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"Rossen Reports" on Disney

MattC

Well-Known Member
Original Poster
Jeff Rossen is a reporter for NBC. He does a segment for the Today Show called "Rossen Reports." Basically, the point of his segment is to expose scams or fraud of all kinds. Tomorrow the segment will focus on Disney and how people are "beating the system" and skipping lines. My guess is that it will focus on GAC abuse, but have to wait and see. If you guys want to watch, the segment normally airs around 7:30am est during the Today Show.
 

ExtinctJenn

Well-Known Member
Oh I'm absolutely sure it's going to focus on the abuse of the entire handicapped entrance, beyond just the folks who are "renting" a handicapped person (let's be honest, that's what it is). I have to wonder though... will he put some sort of media spin on the proper use of FPs? They love to do that sort of thing and make it seem like it's getting around something. I've seen it before when a reporter wrongly assumed FPs were something you paid extra for to allow you the option to get around the lines. I don't think I can watch this so I'll look forward to folks posting up about it in the morning. LOL!
 

MattC

Well-Known Member
Original Poster
Oh I'm absolutely sure it's going to focus on the abuse of the entire handicapped entrance, beyond just the folks who are "renting" a handicapped person (let's be honest, that's what it is). I have to wonder though... will he put some sort of media spin on the proper use of FPs? They love to do that sort of thing and make it seem like it's getting around something. I've seen it before when a reporter wrongly assumed FPs were something you paid extra for to allow you the option to get around the lines. I don't think I can watch this so I'll look forward to folks posting up about it in the morning. LOL!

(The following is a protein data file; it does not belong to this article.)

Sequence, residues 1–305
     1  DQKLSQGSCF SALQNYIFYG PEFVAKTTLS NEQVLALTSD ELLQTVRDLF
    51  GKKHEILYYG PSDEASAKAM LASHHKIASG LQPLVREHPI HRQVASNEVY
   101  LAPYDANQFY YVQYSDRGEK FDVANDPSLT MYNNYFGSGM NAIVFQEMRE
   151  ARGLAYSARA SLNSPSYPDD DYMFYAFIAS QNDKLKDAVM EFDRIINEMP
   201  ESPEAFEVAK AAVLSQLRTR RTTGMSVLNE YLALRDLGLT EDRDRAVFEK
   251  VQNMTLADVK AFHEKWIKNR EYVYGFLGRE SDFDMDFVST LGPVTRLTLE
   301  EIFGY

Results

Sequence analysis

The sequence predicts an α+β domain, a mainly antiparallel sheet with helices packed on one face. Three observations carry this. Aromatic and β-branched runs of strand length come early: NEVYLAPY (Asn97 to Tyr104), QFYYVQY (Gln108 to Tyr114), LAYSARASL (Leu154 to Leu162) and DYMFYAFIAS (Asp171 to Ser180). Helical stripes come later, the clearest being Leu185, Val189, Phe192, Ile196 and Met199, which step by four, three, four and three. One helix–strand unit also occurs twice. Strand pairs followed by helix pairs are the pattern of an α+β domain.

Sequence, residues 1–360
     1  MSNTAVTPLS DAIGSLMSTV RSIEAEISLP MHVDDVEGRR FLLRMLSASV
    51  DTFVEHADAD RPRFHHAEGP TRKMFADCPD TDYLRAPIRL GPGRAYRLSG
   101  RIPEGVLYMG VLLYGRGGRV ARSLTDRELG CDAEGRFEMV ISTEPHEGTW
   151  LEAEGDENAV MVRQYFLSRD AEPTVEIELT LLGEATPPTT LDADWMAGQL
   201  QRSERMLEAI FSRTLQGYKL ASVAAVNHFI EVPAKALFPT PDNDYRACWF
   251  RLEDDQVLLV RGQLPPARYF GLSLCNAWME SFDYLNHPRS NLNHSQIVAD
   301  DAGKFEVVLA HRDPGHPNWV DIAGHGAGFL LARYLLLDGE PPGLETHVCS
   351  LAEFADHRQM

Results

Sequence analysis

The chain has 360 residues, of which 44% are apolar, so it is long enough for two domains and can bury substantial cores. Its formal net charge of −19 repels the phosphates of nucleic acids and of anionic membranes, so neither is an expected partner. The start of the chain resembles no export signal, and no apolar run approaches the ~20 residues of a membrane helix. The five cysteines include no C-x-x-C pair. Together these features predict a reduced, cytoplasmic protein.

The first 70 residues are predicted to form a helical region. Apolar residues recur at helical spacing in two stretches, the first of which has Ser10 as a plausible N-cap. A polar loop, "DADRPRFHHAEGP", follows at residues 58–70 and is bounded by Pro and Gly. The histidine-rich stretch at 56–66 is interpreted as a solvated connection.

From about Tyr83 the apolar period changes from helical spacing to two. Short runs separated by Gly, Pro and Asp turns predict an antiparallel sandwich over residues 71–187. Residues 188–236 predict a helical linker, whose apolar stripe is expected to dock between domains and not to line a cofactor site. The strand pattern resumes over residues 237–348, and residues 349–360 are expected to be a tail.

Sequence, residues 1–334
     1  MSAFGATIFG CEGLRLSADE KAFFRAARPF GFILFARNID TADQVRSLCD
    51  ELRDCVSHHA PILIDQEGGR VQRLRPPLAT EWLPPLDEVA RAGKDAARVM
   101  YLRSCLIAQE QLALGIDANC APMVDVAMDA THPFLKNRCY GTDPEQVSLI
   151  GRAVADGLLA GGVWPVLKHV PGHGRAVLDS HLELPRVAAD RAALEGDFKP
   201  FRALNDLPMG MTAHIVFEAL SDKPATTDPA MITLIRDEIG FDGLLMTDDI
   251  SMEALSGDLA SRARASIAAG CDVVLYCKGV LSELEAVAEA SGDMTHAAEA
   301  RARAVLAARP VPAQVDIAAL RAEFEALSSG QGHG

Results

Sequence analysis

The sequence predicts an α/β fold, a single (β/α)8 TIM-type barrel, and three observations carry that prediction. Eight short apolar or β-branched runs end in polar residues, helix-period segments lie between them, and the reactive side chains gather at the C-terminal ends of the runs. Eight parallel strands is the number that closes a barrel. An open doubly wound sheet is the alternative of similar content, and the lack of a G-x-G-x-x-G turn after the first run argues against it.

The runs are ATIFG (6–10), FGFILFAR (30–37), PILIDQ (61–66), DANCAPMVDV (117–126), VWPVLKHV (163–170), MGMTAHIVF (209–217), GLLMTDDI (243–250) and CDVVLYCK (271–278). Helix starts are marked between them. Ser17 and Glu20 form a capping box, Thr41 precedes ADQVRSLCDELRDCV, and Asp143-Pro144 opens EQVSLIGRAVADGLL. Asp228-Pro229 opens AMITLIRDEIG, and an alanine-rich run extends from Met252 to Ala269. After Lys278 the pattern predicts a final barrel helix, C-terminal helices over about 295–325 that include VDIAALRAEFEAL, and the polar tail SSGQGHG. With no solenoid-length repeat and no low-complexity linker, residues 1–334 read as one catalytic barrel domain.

Well, the little preview video seemed to be taken from a hidden camera on someone being led through various passage ways that aren't the normal queue. But you're right. You never know what kind of spin will be put on it.
 

WDWVolFan

Well-Known Member
Wasn't there a rumor that Disney was going to limit FP to those staying in their hotels or allowing you to get FP before you even left the hotel?
 

ExtinctJenn

Well-Known Member
Wasn't there a rumor that Disney was going to limit FP to those staying in their hotels or allowing you to get FP before you even left the hotel?
I think that's going hand in hand with the RFID Magic Bands (the rumor that is) but I've yet to see anything official that the change is happening.
 

JIMINYCR

Well-Known Member
Sure, he can do an expose on how guests are scamming all the rest of us by getting GAC cards, hiring disabled people to act as if they are family, etc. but there still won't be a viable solution to stop the problem. Disney's hands are tied without being able to ask proof of or level of a disability, theres nothing to be done. This will just give future scamming guests ideas of how they can get better, faster access to Disney.
 

Zman-ks

Well-Known Member
Wasn't there a rumor that Disney was going to limit FP to those staying in their hotels or allowing you to get FP before you even left the hotel?
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Had not thought of that.
 

flynnibus

Premium Member
Its interesting that NBC will broach a topic as sensitive as people with disabilities. Could be fun.. could be a dud if all they do is rehash the existing newspaper story.
 

Tom Morrow

Well-Known Member
Sure, he can do an expose on how guests are scamming all the rest of us by getting GAC cards, hiring disabled people to act as if they are family, etc. but there still won't be a viable solution to stop the problem. Disney's hands are tied without being able to ask proof of or level of a disability, theres nothing to be done. This will just give future scamming guests ideas of how they can get better, faster access to Disney.